Official: I Worried About Chimp - NBC Connecticut

Official: I Worried About Chimp

Another former Stamford resident says Travis bit her too



    Official: I Worried About Chimp
    Police Officer Paul Pavia inspects the scene after Travis, a domesticated chimpanzee, was shot and killed by a Stamford Police officer after a violent rampage that left a friend of its owner badly mauled in Stamford, Conn.

    An animal control officer Stamford, a rampaging 200-pound chimpanzee named Travis, critically injured a woman this week says she expressed safety concerns about the animal several years ago.

    Lynn DellaBianco said she warned Sandra Herold in 2003 after the pet chimpanzee escaped Herold's vehicle and frolicked in downtown Stamford traffic for a few hours.

    Leslie Mostel-Paul, a former city resident now living in Atlanta, also says she complained to Herold and police in 1996 when Travis bit her and tried to pull her into a vehicle as she greeted him.

    "I honestly believe if they had followed through, maybe the laws would have been changed sooner and this other woman wouldn't be in the hospital, fighting for her life now," Mostel-Paul said.

    Oct 2003: Travis Got Loose

    [HAR] Oct 2003: Travis Got Loose
    This isn't the first primate problem: Travis the chimp got loose on the streets of Stamford, CT on October 19, 2003.
    (Published Wednesday, Feb. 18, 2009)

    Police shot and killed Travis Monday after it attacked one of Herold's friends, Charla Nash, 55. Nash remains hospitalized with critical injuries to her face and hands.

    DellaBianco, who ran Stamford's animal shelter at the time of the 2003 incident, told NBC's "Today Show" in an interview aired Thursday that she warned Herold that the pet's mischievous behavior was worrisome.

    "I did express concern that obviously this could turn into something worse if he really decided to start getting angry and do something," DellaBianco said.

    Authorities have not said whether Herold will face criminal charges.

    State law allowed her to own the 14-year-old chimp as a pet, though several state leaders are calling for tighter restrictions in the wake of Monday's attack.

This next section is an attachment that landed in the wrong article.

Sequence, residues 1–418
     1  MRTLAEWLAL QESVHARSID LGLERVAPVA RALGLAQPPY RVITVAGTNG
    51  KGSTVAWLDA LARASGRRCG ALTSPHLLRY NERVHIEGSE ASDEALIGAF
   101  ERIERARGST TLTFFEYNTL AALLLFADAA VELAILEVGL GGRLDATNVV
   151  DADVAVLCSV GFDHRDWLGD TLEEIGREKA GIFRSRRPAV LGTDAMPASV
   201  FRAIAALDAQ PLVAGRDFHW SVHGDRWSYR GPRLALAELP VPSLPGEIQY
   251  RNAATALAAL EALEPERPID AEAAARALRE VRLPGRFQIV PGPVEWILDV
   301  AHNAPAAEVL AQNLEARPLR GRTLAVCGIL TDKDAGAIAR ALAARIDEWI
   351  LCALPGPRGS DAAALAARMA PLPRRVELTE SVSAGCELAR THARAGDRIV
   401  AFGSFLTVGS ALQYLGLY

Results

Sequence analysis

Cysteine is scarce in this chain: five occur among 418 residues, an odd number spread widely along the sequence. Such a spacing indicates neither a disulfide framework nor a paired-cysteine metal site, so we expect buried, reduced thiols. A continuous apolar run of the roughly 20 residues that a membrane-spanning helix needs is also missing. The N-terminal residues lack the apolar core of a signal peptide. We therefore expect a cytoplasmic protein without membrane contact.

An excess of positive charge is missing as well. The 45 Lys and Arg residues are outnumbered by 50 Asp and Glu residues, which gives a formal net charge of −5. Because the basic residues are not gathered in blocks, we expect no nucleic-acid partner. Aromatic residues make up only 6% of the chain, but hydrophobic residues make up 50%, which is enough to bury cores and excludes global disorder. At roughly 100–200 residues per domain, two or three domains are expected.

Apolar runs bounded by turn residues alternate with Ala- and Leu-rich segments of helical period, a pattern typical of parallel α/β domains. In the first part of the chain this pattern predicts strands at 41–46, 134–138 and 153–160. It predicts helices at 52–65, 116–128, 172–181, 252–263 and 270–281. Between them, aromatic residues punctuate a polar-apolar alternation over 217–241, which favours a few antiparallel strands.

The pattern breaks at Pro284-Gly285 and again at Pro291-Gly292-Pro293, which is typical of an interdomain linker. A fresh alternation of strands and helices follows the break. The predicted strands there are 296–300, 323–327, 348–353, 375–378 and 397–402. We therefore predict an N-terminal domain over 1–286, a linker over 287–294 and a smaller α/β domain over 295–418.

Herold, who raised the chimpanzee from its infancy, has said he was a loving pet whose behavior Monday was completely out of character.

    "It's a horrible thing, but I'm not a horrible person and he's not a horrible chimp." said Herold, who tried to stop the attack by stabbing Travis with a butcher knife and beating him with a shovel.

    On Wednesday, she disputed police statements that she gave the animal the anti-anxiety drug Xanax shortly before he attacked Nash.

    However, Herold said in an interview aired Wednesday morning on NBC's "Today" show that she gave Travis the drug in some tea less than five minutes before he attacked Nash -- she even showed a reporter the mug. Police have said Herold told them that she gave Travis Xanax that had not been prescribed for him earlier on Monday to calm him because he was agitated.

    Herold, a 70-year-old widow whose daughter was killed in a car accident several years ago, told the AP the chimp "was my life" and that she "never, never, never" gave it Xanax. "He never had anything but love."

    Herold speculated that Travis was being protective of her when he attacked Nash, who she said was driving a different car, wearing a new hairstyle and holding an Elmo stuffed toy in front of her face as a present to the chimp.

    "She had the toy in front of her. This was just a freak thing," Herold said.

    Authorities are trying to determine why the chimp, a veteran of TV commercials who could dress himself, drink wine from a glass and use the toilet, suddenly attacked. A test for rabies was negative, Stamford police Capt. Richard Conklin said Wednesday.